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The use of peritoneal catheters for prophylactic dialysis or drainage to prevent fluid overload after neonatal cardiac surgery is common in some centres; however, the multi-centre variability and details of peritoneal catheter use are not well described.
Twenty-two-centre NEonatal and Pediatric Heart Renal Outcomes Network (NEPHRON) study to describe multi-centre peritoneal catheter use after STAT category 3–5 neonatal cardiac surgery using cardiopulmonary bypass. Patient characteristics and acute kidney injury/fluid outcomes for six post-operative days are described among three cohorts: peritoneal catheter with dialysis, peritoneal catheter with passive drainage, and no peritoneal catheter.
Of 1490 neonates, 471 (32%) had an intraoperative peritoneal catheter placed; 177 (12%) received prophylactic dialysis and 294 (20%) received passive drainage. Sixteen (73%) centres used peritoneal catheter at some frequency, including six centres in >50% of neonates. Four centres utilised prophylactic peritoneal dialysis. Time to post-operative dialysis initiation was 3 hours [1, 5] with the duration of 56 hours [37, 90]; passive drainage cohort drained for 92 hours [64, 163]. Peritoneal catheter were more common among patients receiving pre-operative mechanical ventilation, single ventricle physiology, and higher complexity surgery. There was no association with adverse events. Serum creatinine and daily fluid balance were not clinically different on any post-operative day. Mortality was similar.
In neonates undergoing complex cardiac surgery, peritoneal catheter use is not rare, with substantial variability among centres. Peritoneal catheters are used more commonly with higher surgical complexity. Adverse event rates, including mortality, are not different with peritoneal catheter use. Fluid overload and creatinine-based acute kidney injury rates are not different in peritoneal catheter cohorts.
Death anxiety (DA), a condition characterized by fear, angst, or panic related to the awareness of one’s own death, is commonly observed in advanced cancer patients. The aim of this study was to examine the psychometric properties of the Italian version of the Death and Dying Distress Scale (DADDS-IT) in a sample of patients with advanced cancer.
The sample included 200 Italian advanced cancer patients meeting eligibility criteria to access palliative care. Patients’ levels of DA were assessed by using the DADDS-IT, while the levels of depression, anxiety, demoralization, spiritual well-being, and symptom burden were assessed using the Patient Health Questionnaire-9, the Generalized Anxiety Disorder-7, the Demoralization Scale, the Functional Assessment of Chronic Illness Therapy–Spiritual Well-Being Scale, and the Edmonton Symptom Assessment System, respectively; Karnofsky Performance Status was used to measure functional impairment. Confirmatory factor analyses (CFA) of previous structures and exploratory factor analyses (EFA) were conducted.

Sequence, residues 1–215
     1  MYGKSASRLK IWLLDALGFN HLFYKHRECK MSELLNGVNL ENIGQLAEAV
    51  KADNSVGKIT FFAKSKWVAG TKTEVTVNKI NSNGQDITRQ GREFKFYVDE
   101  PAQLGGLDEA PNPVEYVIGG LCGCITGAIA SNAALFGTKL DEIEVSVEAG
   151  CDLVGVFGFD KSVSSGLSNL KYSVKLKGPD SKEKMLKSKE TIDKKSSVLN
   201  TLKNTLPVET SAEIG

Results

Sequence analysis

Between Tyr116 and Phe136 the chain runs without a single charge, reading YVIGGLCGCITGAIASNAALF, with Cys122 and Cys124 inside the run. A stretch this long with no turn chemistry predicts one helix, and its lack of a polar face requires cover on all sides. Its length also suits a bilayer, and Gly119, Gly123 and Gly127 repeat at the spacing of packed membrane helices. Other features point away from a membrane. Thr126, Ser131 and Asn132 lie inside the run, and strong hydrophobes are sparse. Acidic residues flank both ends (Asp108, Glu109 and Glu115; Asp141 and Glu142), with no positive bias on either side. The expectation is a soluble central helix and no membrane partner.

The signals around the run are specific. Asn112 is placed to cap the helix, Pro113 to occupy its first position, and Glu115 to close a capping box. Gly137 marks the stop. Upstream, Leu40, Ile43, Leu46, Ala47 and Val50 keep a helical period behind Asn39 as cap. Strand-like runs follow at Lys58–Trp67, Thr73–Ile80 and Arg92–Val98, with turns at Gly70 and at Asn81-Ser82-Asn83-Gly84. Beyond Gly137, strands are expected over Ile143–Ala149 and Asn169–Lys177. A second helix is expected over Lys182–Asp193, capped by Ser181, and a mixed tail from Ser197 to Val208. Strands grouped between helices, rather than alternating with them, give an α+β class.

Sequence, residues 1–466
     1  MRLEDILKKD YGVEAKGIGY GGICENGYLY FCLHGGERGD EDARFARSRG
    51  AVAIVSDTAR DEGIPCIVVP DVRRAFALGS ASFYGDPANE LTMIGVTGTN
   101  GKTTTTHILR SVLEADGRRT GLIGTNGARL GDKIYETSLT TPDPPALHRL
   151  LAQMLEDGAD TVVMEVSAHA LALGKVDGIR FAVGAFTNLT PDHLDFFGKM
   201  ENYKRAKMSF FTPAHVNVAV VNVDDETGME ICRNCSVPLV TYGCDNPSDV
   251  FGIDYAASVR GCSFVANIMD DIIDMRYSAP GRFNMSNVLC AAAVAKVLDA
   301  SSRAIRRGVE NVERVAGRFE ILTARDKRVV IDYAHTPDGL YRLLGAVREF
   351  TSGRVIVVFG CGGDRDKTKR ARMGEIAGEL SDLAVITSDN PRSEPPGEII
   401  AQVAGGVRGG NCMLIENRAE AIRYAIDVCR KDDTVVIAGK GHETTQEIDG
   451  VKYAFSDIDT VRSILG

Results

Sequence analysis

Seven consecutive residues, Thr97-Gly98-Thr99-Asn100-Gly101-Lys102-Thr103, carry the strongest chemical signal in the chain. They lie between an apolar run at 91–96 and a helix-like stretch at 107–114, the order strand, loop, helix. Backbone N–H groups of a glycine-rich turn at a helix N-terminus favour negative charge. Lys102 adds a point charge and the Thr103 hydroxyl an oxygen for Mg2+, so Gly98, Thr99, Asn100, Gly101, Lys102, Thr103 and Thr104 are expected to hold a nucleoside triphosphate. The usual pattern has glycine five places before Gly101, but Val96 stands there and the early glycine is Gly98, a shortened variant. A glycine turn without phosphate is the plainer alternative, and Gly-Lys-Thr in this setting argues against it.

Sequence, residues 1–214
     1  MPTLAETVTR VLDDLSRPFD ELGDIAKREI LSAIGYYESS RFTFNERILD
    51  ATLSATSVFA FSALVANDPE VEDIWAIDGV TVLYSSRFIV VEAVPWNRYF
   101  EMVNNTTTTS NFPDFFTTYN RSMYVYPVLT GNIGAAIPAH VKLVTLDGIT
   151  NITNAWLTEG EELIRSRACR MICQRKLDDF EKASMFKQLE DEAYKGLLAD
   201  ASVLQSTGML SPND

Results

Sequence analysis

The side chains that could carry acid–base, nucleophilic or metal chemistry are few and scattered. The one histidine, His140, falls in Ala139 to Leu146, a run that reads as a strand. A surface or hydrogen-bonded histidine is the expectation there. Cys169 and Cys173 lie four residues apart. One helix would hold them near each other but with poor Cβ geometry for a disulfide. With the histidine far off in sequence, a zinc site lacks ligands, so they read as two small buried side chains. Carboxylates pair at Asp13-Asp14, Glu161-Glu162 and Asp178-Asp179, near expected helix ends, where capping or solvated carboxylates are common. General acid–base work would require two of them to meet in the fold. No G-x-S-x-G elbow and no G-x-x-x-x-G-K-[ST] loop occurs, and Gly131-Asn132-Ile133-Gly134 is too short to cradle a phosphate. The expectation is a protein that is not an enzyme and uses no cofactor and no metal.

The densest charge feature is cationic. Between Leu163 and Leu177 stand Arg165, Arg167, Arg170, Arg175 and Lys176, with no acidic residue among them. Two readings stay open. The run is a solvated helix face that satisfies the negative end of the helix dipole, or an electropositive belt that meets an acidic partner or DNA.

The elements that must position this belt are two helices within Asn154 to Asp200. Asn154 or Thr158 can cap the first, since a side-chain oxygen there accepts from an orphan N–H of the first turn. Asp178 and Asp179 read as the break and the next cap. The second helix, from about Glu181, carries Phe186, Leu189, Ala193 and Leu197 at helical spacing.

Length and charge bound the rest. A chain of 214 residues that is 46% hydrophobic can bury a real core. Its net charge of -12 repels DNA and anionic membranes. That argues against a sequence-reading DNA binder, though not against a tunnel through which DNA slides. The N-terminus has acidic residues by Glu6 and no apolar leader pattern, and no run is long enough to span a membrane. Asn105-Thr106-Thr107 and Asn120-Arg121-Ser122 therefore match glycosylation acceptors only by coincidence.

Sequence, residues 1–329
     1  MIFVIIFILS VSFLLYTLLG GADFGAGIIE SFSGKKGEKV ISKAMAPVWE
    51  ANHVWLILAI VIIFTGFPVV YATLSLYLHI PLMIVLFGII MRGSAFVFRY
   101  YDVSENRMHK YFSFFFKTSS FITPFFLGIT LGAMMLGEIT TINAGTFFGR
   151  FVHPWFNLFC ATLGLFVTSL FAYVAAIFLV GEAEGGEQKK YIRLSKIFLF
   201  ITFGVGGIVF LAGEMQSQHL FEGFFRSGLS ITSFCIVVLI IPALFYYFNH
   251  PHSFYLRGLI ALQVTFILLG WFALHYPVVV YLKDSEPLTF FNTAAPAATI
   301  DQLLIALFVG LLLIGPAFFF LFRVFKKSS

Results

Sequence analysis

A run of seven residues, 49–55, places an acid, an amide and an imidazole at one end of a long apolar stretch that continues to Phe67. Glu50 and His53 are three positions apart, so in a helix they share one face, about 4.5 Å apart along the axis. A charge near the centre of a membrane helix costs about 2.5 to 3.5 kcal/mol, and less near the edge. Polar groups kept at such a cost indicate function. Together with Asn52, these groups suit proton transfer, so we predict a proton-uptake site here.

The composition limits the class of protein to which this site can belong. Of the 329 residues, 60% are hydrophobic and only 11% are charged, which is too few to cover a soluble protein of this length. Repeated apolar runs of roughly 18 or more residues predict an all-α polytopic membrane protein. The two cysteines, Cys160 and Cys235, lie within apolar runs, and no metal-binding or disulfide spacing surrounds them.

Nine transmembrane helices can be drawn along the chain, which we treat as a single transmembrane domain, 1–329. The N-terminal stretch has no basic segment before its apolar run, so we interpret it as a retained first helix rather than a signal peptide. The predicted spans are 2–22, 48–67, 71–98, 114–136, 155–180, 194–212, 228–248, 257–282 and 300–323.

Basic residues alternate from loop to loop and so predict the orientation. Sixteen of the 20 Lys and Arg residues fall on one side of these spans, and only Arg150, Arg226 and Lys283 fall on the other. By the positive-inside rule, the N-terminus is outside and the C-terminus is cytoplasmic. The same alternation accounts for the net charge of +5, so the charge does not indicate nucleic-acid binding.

CFA revealed that none of the previous structures adequately fitted data from our sample. EFA revealed a 4-factor model comprising Finitude (α = 0.91), Regret (α = 0.86), Dying (α = 0.88), and Relational Burden (α = 0.73), accounting for the 77.1% of the variance. Dying subscore was higher in hospice patients than in those recruited in medical wards.
Significance of results
The present study provides further evidence that DA is a condition that deserves attention and that DADDS-IT shows good psychometric properties to support its use in research and clinical settings.
We describe an adolescent with Streptococcus pneumoniae meningitis and symptomatic high-grade, second-degree atrioventricular block requiring permanent pacemaker placement. It is difficult to ascertain if these two diagnoses were independent or had a causal relationship though ongoing symptoms were not present prior to the infection. Because of this uncertainty, awareness that rhythm disturbances can be cardiac in origin but also secondary to other aetiologies, such as infection, is warranted.
Early life environments interact with genotype to determine stable phenotypic outcomes. Here we examined the influence of a variant in the brain-derived neurotropic factor (BDNF) gene (Val66Met), which underlies synaptic plasticity throughout the central nervous system, on the degree to which antenatal maternal anxiety associated with neonatal DNA methylation. We also examined the association between neonatal DNA methylation and brain substructure volume, as a function of BDNF genotype. Infant, but not maternal, BDNF genotype dramatically influences the association of antenatal anxiety on the epigenome at birth as well as that between the epigenome and neonatal brain structure. There was a greater impact of antenatal maternal anxiety on the DNA methylation of infants with the methionine (Met)/Met compared to both Met/valine (Val) and Val/Val genotypes. There were significantly more cytosine–phosphate–guanine sites where methylation levels covaried with right amygdala volume among Met/Met compared with both Met/Val and Val/Val carriers. In contrast, more cytosine–phosphate–guanine sites covaried with left hippocampus volume in Val/Val infants compared with infants of the Met/Val or Met/Met genotype. Thus, antenatal Maternal Anxiety × BDNF Val66Met Polymorphism interactions at the level of the epigenome are reflected differently in the structure of the amygdala and the hippocampus. These findings suggest that BDNF genotype regulates the sensitivity of the methylome to early environment and that differential susceptibility to specific environmental conditions may be both tissue and function specific.
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